Introduction -- Science, art and archaeology -- Scientific study of archaeological materials during the Chinese Song Dynasty : a Shen Kua case study -- The role of science in western Chinese jade collection and knowledge creation : a case study -- Modern western science in initial Chinese archaeology development -- Scientific study of Chinese archaeological materials in the pre-war period : Berthold Laufer's Han porcelain case study -- Qinghe and Song shards : rethinking Palmgren's scientific investigation in pre-war China -- Ceramic technology and art in Song society -- Ancient Chinese shards in the post-war West : science and art perspectives -- Technological variations and the artist's intention : a case study of Chinese southern Song Guan imperial ware -- Technology and art in society : the significance of "furnace transmutation" in Chinese Song Jun ware -- Sintering technology and art in Chinese Song Ding white ware -- Beyond cross-technology : a case study of Chinese Song imperial Ru in Jun glaze.
"Science has played a crucial role in the initial stages of westerners' collecting and studying ancient Chinese artworks and archaeological materials. The relevant scientific data were quickly generated using progressively sophisticated examination techniques. But the task of integrating scientific data with archaeological and art historical resources, and developing a workable interdisciplinary study method, has lagged behind scientific endeavor. Part One of this book explores the modes and functions of the scientific resources available and their integration into interdisciplinary study methods and models; pre-war researchers particularly emphasized that their studies of Chinese artistic/archaeological materials were scientific. Improvements in precision and advanced specialization of examining instruments and techniques resulted in substantively more detailed scientific data, particularly in the post-war period. This brought with it new research dimensions and increased knowledge of targeted samples, and also greater challenges to the integration of interdisciplinary study. In Part Two, Meili Yang establishes a feasible method of interdisciplinary study in terms of five case studies related to Chinese Song ceramics. Relevant data are provided and professionally explained, resulting in critical new information related to contemporary ceramic technologies. This technology information leads us to the recognition of the uniqueness of each single artwork and the artisan's individual intention - and critically, recognition of the close association with contemporary society and culture at the time of manufacture"--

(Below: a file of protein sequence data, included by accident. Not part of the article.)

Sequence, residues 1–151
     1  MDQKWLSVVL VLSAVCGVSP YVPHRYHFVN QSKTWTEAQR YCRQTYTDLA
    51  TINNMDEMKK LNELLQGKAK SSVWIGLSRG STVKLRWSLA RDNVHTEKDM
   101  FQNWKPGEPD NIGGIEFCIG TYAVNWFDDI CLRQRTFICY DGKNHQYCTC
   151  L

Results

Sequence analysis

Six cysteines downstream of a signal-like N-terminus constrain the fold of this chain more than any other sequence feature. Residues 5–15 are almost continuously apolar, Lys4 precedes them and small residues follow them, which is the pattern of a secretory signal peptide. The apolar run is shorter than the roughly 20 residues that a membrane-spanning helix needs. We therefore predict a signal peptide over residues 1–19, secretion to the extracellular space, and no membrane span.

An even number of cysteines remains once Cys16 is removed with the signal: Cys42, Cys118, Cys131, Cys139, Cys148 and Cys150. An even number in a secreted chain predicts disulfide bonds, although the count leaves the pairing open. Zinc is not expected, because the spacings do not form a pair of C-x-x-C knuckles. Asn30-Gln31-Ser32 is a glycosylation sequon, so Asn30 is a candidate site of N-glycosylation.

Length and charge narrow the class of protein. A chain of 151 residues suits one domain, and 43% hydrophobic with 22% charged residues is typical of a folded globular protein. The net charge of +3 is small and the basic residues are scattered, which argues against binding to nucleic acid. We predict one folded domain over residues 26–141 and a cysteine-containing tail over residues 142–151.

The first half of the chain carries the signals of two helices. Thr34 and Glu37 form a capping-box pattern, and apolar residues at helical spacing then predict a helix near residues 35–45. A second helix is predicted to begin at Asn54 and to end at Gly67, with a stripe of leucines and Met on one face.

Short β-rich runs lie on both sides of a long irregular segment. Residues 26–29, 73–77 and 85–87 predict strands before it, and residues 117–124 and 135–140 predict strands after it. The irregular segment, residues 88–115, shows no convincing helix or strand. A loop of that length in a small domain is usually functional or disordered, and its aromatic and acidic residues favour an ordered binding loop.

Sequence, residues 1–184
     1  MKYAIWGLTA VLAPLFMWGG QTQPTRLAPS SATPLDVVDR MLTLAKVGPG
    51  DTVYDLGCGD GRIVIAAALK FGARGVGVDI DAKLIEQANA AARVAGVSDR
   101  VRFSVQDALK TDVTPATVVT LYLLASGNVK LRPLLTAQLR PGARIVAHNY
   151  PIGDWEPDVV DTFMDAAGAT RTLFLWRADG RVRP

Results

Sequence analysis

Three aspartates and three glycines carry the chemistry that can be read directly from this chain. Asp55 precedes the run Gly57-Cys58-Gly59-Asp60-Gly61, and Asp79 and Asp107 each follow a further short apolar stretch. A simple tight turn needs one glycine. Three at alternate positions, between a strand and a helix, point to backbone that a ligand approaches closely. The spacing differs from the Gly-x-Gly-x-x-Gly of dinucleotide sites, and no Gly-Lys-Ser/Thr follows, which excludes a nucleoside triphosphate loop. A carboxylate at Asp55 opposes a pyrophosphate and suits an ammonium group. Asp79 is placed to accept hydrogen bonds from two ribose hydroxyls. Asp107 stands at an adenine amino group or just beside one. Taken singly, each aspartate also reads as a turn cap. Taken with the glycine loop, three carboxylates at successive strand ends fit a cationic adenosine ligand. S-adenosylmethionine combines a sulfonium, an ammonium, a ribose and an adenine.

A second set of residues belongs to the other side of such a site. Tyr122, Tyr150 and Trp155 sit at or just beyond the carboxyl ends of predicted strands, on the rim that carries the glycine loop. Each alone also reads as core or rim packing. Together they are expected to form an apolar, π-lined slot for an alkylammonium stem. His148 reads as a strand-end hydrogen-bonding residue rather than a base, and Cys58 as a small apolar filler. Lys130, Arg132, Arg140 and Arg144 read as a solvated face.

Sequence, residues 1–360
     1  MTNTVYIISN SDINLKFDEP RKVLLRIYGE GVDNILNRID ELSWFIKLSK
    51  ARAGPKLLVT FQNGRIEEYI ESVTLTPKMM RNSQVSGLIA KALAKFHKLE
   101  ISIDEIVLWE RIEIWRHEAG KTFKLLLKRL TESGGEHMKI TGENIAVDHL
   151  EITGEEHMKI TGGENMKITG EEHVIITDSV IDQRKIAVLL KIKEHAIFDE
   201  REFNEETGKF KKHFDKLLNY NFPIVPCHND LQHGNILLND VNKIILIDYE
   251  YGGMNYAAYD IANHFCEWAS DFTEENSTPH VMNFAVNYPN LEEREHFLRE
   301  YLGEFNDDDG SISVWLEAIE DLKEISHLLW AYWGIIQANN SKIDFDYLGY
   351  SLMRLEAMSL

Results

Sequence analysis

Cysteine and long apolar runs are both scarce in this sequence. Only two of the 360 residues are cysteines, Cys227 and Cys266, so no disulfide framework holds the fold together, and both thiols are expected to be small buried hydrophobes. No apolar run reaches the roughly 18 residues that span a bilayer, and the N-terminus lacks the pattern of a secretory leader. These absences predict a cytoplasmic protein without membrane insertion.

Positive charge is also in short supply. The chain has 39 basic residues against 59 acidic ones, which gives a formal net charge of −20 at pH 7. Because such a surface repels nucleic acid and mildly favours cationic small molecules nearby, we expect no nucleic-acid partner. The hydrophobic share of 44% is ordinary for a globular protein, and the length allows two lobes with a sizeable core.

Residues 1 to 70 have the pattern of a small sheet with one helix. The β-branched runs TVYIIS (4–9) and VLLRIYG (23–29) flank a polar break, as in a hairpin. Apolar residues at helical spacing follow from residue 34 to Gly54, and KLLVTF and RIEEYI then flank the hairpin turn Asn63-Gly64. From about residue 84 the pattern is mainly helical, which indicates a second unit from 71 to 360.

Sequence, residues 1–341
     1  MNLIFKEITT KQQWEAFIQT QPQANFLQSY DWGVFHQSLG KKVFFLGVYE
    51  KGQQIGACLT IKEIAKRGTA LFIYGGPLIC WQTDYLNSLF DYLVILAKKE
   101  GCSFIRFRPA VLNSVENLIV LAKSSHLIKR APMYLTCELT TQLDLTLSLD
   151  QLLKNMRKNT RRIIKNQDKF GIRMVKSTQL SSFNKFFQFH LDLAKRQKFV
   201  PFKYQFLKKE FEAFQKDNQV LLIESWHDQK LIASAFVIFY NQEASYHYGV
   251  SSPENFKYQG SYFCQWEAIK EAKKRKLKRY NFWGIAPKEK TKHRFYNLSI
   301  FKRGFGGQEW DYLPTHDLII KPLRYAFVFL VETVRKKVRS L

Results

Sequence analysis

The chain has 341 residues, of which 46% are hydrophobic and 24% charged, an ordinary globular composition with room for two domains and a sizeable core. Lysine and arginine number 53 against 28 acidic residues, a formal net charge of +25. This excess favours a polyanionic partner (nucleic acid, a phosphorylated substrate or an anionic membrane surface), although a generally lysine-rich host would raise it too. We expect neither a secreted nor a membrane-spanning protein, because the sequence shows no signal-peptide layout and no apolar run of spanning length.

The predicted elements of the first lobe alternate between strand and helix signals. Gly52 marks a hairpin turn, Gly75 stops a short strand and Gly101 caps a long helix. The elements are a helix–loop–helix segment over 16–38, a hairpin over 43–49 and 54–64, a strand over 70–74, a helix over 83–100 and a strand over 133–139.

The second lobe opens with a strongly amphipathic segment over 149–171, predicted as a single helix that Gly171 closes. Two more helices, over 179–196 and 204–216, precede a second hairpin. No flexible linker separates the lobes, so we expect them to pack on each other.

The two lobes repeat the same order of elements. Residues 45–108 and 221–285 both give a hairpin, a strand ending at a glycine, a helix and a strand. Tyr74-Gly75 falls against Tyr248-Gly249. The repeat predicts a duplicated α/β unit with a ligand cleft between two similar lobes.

Archaeology -- Methodology. (LCSH)
Archaeology -- Technological innovations. (LCSH)
Archaeology and art -- Case studies. (LCSH)
Pottery, Chinese -- Song-Yuan dynasties, 960-1368 -- Case studies. (LCSH)
China -- Antiquities -- Song-Yuan dynasties, 960-1368 -- Case studies. (LCSH)